This book introduces and develops a sustained argument on inner sense in Thomas, which will substantiate this claim of a modest non-empirical or modest rationalist structure. Part of the thrust of this study of Aquinas on sensation and perception offers a modified non-reductionist approach to empiricism for a consistent interpretation of Aquinas’s internal sense faculty of the vis cogitativa. This is at best a modest suggestion. Nonetheless, lest problems of textual criticism and interpretation as well as historical analysis arise, it is important to disassociate this study from what some philosophers might understand as the relation between Aquinas studies and Kant studies, or Aquinas as having too close an affinity with Cartesian innate idea methodology.
This study is neither a part of nor takes sides in the ongoing historical squabble in neo-scholasticism over the role Kant plays in providing a proper interpretation of Aquinas’s ontology and philosophy of mind. This study argues that fundamental ontological issues differ between Aquinas and Kant. It is instructive to note what McCool wrote: ‘from the early years of the century, Kantian idealism and the usefulness of Kant’s Transcendental Method had become another apple of discord in the Neo-Thomist movement.’ On the one hand, Gilson argued that Kant’s method leads directly to idealism, and this is opposed to the metaphysical realism found in Aristotle and Aquinas. In fact, McCool noted that Gilson once argued that any reading of Aquinas through Kantian lenses came either from ‘historical ignorance’ or ‘intellectual confusion’. On the other hand, the Transcendental Thomists adopted what McCool suggested was a ‘more optimistic view’ of reconciling Kant and Thomas. The Transcendental Thomists argue that taking Kant’s method farther than the Critique of Pure Reason leads one to a realist ontology consistent with the writings of Aquinas. Kenny noted that the Jesuits—Marechal, Hoenen, and Lonergan—would fall under the umbrella of the Transcendental Thomists. This present study disassociates itself from this metaphysical/transcendental umbrella.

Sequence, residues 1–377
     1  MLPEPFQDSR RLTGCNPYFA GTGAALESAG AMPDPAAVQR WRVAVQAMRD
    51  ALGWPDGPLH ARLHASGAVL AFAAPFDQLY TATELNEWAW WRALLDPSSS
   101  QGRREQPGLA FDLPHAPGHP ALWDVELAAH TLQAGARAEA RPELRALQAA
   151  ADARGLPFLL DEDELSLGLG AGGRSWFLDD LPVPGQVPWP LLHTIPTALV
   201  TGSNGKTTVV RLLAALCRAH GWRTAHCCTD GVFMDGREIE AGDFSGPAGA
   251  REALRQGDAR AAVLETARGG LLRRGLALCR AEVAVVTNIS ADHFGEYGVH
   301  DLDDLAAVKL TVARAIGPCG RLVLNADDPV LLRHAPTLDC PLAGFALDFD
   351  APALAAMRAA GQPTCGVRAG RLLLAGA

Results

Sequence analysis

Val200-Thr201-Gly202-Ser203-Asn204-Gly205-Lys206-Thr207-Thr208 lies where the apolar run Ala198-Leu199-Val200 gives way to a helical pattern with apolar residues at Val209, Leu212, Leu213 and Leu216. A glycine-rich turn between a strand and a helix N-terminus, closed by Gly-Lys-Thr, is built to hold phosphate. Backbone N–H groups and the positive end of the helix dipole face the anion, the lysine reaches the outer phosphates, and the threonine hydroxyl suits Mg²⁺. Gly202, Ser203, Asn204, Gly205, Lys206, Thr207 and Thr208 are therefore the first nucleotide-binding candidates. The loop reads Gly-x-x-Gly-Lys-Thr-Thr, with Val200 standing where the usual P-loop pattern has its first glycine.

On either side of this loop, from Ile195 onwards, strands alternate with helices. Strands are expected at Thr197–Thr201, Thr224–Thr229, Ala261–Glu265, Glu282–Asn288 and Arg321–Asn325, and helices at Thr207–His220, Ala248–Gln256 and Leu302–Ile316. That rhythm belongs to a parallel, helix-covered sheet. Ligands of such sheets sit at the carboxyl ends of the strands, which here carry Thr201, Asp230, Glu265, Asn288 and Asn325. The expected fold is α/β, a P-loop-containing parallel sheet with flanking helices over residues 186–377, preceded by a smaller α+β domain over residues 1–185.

This brief historical note is intended to avoid possible misinterpretations over the nature of this present study. It also reaffirms the position that serious students of scholastic philosophy in the twentieth century put forward widely divergent interpretations of the texts of Aquinas. There is (contrary to several contemporary Thomists) no monolithic scholasticism in general or in Aquinas Thomistic studies in particular. As McCool rightly suggests, by the middle of the twentieth century, ‘the Neo-Thomist movement, understood as the quest for a single, rigidly unitary, philosophical system, came to an end.’ And, to be sure, that is as it should be. These discussions suggest the import of Thomas O’Meara’s claim that ‘there has never been one Thomism’, and
MacIntyre’s assertion that there are ‘too many Thomisms’. Kerr contends that the ‘reception of Aquinas’s work has been contentious from the beginning’. It follows that an ‘orthodox’ reading of Aquinas, especially on the philosophy of mind, is fraught with historical and theoretical difficulties. Furthermore, as Boland argued, the many articles in the Summa Theologiae should be read as a dialogical inquiry rather than as an authoritarian, monological treatise. ‘Each article . . . [is] a short, formalized dialogue: space is given to a range of voices, there is an appeal to one or more authorities, there is time for the teacher to present his own understanding, as well as responding to the earlier speakers in the dialogue.’ This book introduces Aquinas as a significant player in contemporary analytic philosophy of mind largely in accord with the positions articulated by many contemporary Analytical Thomists.
|< Prev||CONTENTS||Next >|